Ballingrane Lock on the River Barrow

After a very enjoyable experience leading a walk for the Carlow Autumn Walking Festival last year, I was delighted to be asked by Carlow Tourism to repeat the same walk along the River Barrow from Clashganny to Borris on October 4th.  This year, I also got to enjoy the festival from the other side as I brought my son along on a Sunday walk with Mary and Robert White of Blackstairs Eco Trails.

Planning and Preparation

For me, one of the most enjoyable parts of any walk is the preparation.  I always like to walk the route beforehand to see what’s fruiting, flowering and flying and to take a few (hundred) photographs.  I find that on the day, people will walk at different paces, so I like to provide a photographic guide to some of the trees and flowers to be found along the way and give everyone something to look out for on the route.


I love walking on my own and the Barrow towpath is one of the nicest places to do it. As I was setting off, I saw a couple of fishermen in the distance, I met a jogger on the path and spoke to a couple who were setting out on their walk when I was returning to the car park at Clashganny, but apart from that it was just me, the heron fishing on the weir, some Speckled Wood, Red Admiral and Comma butterflies, an assortment of bumble bees and a large dragonfly flying overhead.

Common Carder Bee on CloverClashganny to Borris

Saturday 5th October was another beautiful day, very similar to the previous Monday.  We gathered the group together in Borris before hopping on a bus to Clashganny Lock.  We had a lovely mixed group.  A lot of local people were taking the opportunity to walk on familiar ground with friends, some from surrounding counties had never walked the Barrow path and others wanted to join in the walking festival without taking on the challenges of a longer and more strenuous hill walk.  We also had the welcome addition of a camera crew who were filming the walking festival for Irish TV.

Walking the Barrow Path with Wildways Adventures

Thanks to the lovely extended summer, there was plenty to see along our walk.  Blackberries, Sloes, Haws, Guelder Rose and Bittersweet berries decked the branches of the trees and shrubs along with the beautiful pink 4 lobed berries of the Spindle tree which really comes into its own at this time of year.

Spindle Berries on the Barrow PathWild flowers were also still in evidence all along the path.  Although the vibrant purple flowers of the Great Willowherb had gone to seed, there were still plenty of plants still in flower and an abundance of bumble bees making the most of the opportunity to gather nectar.  There were still some meadowsweet flowers spreading their sweet perfume over the path, a few stray vetch flowers just hanging on until the last, some honeysuckle flowering in the hedgerows and one of my personal favourites, the white trumpet shaped bindweed flowers.

After about 4km, we left the river bank.  As part of the walking festival, we had been granted access to the magnificent grounds of Borris House, so we strolled up through their woods and back to O’Shea’s bar for tea and sandwiches.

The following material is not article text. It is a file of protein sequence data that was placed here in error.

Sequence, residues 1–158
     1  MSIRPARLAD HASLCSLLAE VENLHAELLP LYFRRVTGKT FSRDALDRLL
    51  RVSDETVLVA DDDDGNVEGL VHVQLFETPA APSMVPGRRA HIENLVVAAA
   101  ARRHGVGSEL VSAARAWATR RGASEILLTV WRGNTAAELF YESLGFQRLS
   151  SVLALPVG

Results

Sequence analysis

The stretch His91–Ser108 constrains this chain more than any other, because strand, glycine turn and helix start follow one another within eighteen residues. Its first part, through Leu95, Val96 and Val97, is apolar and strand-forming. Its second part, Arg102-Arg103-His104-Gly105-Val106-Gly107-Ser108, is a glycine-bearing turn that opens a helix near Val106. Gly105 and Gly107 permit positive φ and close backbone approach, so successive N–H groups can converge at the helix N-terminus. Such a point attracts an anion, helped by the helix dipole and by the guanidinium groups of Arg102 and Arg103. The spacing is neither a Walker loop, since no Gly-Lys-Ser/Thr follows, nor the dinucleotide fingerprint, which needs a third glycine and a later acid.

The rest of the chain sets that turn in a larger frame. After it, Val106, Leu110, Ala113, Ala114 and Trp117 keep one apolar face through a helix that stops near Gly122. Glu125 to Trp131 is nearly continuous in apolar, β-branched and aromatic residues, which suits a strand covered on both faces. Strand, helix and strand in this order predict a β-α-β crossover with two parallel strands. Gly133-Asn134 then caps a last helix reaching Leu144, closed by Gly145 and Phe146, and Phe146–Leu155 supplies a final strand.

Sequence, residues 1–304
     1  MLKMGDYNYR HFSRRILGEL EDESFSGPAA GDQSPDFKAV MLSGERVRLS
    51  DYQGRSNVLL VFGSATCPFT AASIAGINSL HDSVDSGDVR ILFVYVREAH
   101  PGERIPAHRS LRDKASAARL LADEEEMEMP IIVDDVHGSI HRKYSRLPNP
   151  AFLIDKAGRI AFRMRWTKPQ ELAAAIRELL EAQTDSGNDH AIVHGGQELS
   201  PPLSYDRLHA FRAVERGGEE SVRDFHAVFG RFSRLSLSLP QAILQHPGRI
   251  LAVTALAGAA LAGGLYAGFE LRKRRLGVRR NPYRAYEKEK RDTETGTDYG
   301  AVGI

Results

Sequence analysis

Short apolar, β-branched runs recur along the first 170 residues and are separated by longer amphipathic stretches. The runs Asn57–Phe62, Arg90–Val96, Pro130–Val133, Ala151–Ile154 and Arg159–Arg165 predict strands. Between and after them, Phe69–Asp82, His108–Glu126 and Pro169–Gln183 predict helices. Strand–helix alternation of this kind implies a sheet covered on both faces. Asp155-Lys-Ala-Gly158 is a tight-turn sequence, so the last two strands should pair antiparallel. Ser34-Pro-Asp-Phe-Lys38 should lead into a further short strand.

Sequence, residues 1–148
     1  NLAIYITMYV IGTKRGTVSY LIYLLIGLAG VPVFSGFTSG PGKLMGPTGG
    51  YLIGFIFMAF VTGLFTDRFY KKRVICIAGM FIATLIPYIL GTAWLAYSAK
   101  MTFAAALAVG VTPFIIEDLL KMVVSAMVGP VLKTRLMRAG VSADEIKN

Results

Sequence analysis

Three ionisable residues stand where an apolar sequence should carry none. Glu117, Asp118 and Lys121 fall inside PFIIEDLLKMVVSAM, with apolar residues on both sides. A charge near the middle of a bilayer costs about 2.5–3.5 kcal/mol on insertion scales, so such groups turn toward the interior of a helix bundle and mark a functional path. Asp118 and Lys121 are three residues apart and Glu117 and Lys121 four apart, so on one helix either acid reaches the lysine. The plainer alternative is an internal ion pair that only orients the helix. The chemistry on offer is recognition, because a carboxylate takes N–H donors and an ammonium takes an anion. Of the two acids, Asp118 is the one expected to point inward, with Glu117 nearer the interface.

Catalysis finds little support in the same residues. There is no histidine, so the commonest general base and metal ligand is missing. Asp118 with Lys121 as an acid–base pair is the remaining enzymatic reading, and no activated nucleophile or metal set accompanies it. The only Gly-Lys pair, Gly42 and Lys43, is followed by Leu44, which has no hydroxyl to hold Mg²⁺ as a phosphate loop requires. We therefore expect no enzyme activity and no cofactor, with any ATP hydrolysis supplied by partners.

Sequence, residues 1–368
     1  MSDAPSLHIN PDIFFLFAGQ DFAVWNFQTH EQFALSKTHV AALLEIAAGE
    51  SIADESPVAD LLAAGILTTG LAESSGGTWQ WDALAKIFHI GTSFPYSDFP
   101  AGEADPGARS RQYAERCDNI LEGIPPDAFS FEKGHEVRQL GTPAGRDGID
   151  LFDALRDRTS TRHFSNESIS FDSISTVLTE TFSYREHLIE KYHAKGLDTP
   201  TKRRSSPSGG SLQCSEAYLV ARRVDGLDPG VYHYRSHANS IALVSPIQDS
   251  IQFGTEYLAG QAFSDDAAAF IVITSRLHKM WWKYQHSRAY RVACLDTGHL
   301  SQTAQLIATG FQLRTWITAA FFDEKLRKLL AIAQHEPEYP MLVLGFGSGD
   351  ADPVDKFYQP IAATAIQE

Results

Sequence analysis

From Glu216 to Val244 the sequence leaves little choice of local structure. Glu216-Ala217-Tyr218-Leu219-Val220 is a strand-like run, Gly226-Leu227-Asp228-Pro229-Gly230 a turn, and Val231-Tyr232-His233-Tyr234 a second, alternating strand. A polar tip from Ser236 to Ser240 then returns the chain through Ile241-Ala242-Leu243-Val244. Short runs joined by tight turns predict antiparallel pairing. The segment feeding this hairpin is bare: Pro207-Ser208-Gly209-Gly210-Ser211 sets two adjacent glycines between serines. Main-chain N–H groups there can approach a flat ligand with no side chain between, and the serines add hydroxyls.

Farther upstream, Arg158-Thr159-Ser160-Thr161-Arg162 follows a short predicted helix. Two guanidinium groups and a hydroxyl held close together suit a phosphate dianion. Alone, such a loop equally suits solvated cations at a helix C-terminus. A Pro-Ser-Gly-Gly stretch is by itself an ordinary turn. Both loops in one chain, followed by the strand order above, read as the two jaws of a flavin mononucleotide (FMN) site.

Bindweed Flower on the Barrow Path


Walking in Kilbranish with Blackstairs Eco Trails

On Sunday, I became a participant in the festival, when I joined in a walk with Mary and Robert White of Blackstairs Eco Trails in Kilbrannish Wood.  I was a little bit nervous about bringing my 4 year old son on a 7.5 km walk, but the day turned out really well and he loved it.  The day was considerably wetter than the previous day and the initial part of the walk was all uphill so he struggled a bit in the early stages, but Mary and Robert were fantastic and kept checking that the youngest member of the party (by about 10 years) was doing OK.  A few stories kept him going in the difficult places, along with the praise of all the other walkers, many of whom had joined me on my walk the previous day.  Once we tuned onto a smaller woodland path to begin the homeward journey which was all downhill, he got a burst of energy and was at the head of the group all the way down.  The present of some pencils from Mary for his efforts and several of her delicious flapjacks helped to complete the experience. Overall we both really enjoyed the day and Michael was even able to tell Daddy all about the medicinal properties of Ribwort Plantain when he got home.

In Kilbrannish Wood at the Carlow Walking Festival


These were only two small parts of a festival that encompassed a whole variety of walks and additional activities. I was joined on my walk by some bloggers, including Dee Sewell, who along with her partner Susan in Green and Vibrant organised a bloggers tour of the festival. You can read Dee’s account of her hill walk in the Blackstairs on her blog and also an account of a family trip to the festival by Naomi of Dr How’s Science Wows.  The piece on the Carlow Walking Festival is due to be broadcast on Irish TV (Sky 191) tonight Wednesday 29th October at 8pm, but for those of you like myself, who don’t have Sky, it will be available to view on their website in about 2 weeks time.  I’ll post the link when it becomes available.

I’d love to hear your comments about walking alone or with kids, whether you participated in the Carlow Walking Festival or not.